Gregory Barber covers cryptocurrency, blockchain, and artificial intelligence for WIRED.
On Thursday, Gelernter published a post on Medium declaring his grievances against our favorite social media overlord, Facebook. He’s directing his ire into a new company called Revolution Populi, a social network that emphasizes individual data ownership and democratic rule by its users. Hence the patriotic timing. “For me, this is an opportunity to take some action on a public issue that I think is really important,” he tells me. “Who owns the cyber landscape? Do we all own it, or do five incredibly rich people in California?” Gelernter’s message to those of us living under Facebook’s imperial rule is “Join or die.”
For now, though, Revolution Populi exists as four men each with the title cofounder—a former Goldman Sachs vice president, a doctor-entrepreneur, and a PR executive, plus Gelernter—and a rather tempestuous whitepaper. Technical details are … scant. So scant that, after much pondering, it’s difficult to piece together exactly what Gelernter, who holds the title “chief visionary officer,” is proposing. Other than to say that yes, it will be “on the blockchain.”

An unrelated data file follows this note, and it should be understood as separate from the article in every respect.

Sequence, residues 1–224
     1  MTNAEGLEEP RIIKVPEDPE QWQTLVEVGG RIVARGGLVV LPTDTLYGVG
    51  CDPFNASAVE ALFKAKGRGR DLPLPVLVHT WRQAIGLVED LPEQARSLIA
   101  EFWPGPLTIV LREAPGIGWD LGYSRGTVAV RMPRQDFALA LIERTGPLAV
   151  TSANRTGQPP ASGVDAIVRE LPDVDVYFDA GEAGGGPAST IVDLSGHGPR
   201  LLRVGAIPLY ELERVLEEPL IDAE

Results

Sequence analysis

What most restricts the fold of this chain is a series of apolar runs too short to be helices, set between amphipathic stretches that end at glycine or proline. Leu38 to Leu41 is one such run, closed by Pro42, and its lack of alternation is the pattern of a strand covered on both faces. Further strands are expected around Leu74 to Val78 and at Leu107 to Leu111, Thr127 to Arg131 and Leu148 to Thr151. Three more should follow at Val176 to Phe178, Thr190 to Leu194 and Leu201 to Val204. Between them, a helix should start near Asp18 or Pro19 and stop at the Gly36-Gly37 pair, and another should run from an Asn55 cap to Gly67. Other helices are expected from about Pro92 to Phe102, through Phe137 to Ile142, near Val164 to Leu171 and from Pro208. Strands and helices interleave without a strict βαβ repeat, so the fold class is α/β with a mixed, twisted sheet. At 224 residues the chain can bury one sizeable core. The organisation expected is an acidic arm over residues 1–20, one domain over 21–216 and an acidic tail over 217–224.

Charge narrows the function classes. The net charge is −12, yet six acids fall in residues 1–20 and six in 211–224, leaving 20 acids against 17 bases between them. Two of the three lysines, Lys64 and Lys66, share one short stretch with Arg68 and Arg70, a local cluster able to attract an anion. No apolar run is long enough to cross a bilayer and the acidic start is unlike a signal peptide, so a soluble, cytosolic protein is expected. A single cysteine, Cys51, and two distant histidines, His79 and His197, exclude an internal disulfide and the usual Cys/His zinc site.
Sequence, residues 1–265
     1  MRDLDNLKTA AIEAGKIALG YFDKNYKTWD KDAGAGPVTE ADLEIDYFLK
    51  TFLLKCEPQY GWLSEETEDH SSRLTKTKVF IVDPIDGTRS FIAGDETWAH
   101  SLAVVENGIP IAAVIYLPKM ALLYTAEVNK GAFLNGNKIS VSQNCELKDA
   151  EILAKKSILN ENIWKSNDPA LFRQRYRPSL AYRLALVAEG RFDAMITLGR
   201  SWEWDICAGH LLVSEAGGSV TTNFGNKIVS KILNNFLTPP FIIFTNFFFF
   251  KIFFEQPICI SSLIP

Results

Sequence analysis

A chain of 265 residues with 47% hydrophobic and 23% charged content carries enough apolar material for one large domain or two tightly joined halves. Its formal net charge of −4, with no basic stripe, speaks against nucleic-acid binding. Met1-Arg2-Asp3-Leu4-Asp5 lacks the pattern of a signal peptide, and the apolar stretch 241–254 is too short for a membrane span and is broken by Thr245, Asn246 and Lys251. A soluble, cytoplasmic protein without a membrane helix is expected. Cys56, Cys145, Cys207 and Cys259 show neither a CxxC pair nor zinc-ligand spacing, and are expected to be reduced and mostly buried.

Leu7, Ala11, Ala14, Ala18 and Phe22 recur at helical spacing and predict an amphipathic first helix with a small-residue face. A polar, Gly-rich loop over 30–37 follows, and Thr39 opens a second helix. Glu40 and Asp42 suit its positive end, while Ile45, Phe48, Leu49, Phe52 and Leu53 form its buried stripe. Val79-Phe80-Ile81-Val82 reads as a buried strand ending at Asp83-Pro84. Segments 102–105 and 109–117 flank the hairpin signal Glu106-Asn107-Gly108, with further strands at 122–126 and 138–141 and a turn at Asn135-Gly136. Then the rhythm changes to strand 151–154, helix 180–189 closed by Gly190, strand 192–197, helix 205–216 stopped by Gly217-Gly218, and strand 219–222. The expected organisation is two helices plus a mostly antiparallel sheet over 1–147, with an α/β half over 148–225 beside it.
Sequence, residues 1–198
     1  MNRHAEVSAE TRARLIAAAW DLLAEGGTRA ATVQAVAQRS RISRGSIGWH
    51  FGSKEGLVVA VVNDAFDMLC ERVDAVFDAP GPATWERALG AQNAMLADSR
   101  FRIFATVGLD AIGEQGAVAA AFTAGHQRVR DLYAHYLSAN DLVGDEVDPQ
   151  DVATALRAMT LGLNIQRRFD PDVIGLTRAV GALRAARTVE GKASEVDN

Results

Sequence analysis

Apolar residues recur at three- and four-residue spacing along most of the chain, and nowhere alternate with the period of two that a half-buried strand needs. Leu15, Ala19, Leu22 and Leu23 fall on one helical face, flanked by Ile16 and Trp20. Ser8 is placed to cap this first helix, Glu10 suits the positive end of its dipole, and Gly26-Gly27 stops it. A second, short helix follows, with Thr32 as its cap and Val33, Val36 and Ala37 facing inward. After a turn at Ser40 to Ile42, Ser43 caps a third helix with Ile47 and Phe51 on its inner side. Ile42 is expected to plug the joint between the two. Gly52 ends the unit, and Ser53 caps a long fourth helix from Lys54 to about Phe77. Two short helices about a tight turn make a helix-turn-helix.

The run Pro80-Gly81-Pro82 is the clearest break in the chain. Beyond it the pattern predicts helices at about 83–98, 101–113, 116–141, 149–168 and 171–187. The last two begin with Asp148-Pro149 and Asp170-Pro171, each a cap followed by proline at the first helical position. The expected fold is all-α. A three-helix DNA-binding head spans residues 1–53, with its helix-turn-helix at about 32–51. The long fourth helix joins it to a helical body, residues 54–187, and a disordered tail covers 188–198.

Gelernter has built a reputation for being ahead of the technological curve, starting with his work in parallel computing and data mining, and later as a pioneer of the social web. In a 1997 profile in WIRED, he described a vision for 21st-century computer science that would center on human interaction. It would be as dependent on design and social science, Gelernter said, as any technical improvements.
His project at the time (along with PhD student Eric Freeman) was a social network called Lifestream. It took the form of a digital timeline of life’s totality—a perpetual stream of documents and messages that could be arranged, sorted, and shared with others. Lifestream was popular among colleagues in his Yale department, Gelernter says, but attempts to commercialize the technology sputtered. A godfather of modern social networks watched from afar as Silicon Valley upstarts grew into giants. “I’ve been on the sid
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